Andrei Konstantinov, soprano domara
Andrei Smirnov, bayan
Igor Ponomarenko, alto domra
1. Lyrical Dance
2. Fantasy / I. Ponomarenko
3. The Legend of the Old Mountain Man / A. Golsky
4. Cossack's Farewell
5. Toccata / A. Repnikov
6. Variations on "Swan Lake" / P. Tchaikovsky
7. Simfonia Lubova / I. Ponomarenko
8. Old Carousel / V. Dimitriev
9. Two-step Nadya / A. Tsygankov
10. Tsiganka / A. Tsygankov
11. Letnie Kanikuli (Summer Vacation) / Miagava
12. Country Improvisation / I. Ponomarenko
13. Valenki / M. Shirokov
14. Barnynia / arr. M. Shirokov
total time: 39:00
label: Real World Records, A WOMAD Production
Marketed by Caroline Records Inc.
114 West 26th Street
New York, NY 10001
Review by Dr. Rocco A. Jerry:
The Terem Quartet was formed by four students of the St. Petersburg Conservatory in 1986. They perform authentic Russian folk music with a fresh interpretation that is sometimes romantic, sometimes comedic, but always engaging. The domra is a 3 or 4 stringed bowl-backed instrument which is tuned similar to a mandolin. On Tracks 1 and 11 in particular, the lyrical use of the bayan (Russian button accordion) along with the repeated notes on the domras is not unlike the accordion/mandolin combination of the Mediterranean. The bass balalaika, a rather large 3-stringed triangular instrument, measures over four feet long. The bayan itself is a remarkable instrument; its right hand chromatic buttonboard has a range of approximately 7 1/2 octaves on some models (with appropriate stops).
The secret to the Terem's success is variety. Their music contains sharply contrasting fast and slow sections and abrupt dynamic changes. Both of these techniques tend to capture the attention of the listener and provide for interesting music. For instance, Track 1 opens with a slow romantic waltz which transforms into a march accompanied by dramatic staccato explosions on the accordion. To a listener unfamiliar with Russian folk music, the brief and unexpected interjections of singing/reciting on Tracks 2 and 13 may seem amusing. The foot stomping is appropriate for "Valenki" as the title refers to the special shoes worn in snow in rural areas of Russia.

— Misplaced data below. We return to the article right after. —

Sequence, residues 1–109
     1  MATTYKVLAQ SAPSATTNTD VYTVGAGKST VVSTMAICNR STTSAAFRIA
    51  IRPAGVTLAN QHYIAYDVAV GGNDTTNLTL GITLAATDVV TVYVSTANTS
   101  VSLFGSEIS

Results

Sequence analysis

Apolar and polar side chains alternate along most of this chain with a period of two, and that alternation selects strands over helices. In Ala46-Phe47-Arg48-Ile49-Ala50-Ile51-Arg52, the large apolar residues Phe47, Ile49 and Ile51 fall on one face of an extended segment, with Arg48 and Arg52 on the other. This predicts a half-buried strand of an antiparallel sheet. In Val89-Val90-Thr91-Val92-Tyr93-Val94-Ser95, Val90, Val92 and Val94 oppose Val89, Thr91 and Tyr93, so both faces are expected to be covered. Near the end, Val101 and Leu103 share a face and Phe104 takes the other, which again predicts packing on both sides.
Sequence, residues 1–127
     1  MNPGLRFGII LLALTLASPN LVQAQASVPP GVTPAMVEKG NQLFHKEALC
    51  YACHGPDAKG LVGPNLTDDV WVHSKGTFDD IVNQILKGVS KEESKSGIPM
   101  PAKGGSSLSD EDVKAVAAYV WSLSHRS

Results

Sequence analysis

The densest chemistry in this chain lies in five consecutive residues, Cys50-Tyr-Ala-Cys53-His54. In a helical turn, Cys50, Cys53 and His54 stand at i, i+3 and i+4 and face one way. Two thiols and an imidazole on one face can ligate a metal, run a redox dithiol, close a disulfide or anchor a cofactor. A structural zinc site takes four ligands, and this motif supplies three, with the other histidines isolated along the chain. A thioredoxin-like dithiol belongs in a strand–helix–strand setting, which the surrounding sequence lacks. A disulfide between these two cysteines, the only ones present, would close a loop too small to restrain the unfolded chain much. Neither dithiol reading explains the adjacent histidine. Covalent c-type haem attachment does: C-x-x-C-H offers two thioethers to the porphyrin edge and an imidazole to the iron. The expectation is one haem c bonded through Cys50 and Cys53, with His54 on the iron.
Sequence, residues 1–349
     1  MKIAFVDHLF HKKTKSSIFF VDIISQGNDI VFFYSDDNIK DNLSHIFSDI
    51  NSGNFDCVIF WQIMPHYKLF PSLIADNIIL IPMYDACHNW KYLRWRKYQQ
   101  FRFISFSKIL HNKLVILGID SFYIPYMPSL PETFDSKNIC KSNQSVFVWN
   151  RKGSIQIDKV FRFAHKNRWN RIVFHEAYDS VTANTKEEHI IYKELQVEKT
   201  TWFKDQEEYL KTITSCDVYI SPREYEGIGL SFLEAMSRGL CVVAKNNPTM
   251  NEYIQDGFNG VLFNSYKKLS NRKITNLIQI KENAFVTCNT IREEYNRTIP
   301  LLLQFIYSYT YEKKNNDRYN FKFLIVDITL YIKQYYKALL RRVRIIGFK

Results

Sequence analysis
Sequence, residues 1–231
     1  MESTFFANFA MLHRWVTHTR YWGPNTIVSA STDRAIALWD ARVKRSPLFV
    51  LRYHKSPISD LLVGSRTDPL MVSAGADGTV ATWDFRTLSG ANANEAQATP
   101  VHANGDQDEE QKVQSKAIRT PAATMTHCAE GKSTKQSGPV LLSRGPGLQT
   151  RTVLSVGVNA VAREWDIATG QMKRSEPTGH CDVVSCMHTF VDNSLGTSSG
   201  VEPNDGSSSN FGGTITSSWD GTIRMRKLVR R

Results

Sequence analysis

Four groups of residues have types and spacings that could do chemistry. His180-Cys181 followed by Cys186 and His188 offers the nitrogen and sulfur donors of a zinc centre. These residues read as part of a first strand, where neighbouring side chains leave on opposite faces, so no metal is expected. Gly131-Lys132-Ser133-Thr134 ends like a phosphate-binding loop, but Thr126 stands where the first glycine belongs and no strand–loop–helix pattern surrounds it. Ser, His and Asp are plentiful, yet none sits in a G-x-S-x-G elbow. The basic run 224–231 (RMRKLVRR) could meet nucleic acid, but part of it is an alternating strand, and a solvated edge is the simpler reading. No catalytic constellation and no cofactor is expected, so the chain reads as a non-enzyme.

In the title to Track 4, the Cossacks were a group living near the Don River in Russia who served as military guards. In return for their service, they enjoyed special priviledges which they ultimately lost during the Revolution. "Cossack's Farewell" is nostalgic, and opens with solo soprano domra. The alto domra gradually enters to form a duet. Later the accordion borrows the melody, and the piece closes in a sentimental vibrato.
Many of the tracks contain traditional Russian dances. For instance, "Barnynia" refers to a female owner of Russian peasants (a form of slavery which ended in 1861), and this dance was performed by these peasants. Track 10 is a Russian gypsy dance.
The arrangements provide a nice balance and interplay between the four instruments. In some of the very rapid legato passages of Tracks 2 and 7, the bayan is not as clear as it could be. Nonetheless, throughout the CD the bayan carries much of the melodic material and is sensitively performed. Some non-traditional techniques are very effectively used in the opening of Track 11.
The composer of "Toccata", Albin Repnikov, is known for writing both classical and folk music, and for blending the lines between the two. This particular piece is much more folk music-oriented than what the title suggests.
It is clear that the performers had fun producing this CD. Their music would probably be appreciated not only by folk and world music fans, but also by others interested in hearing enthusiastically-performed music by an unusual instrumental combination.
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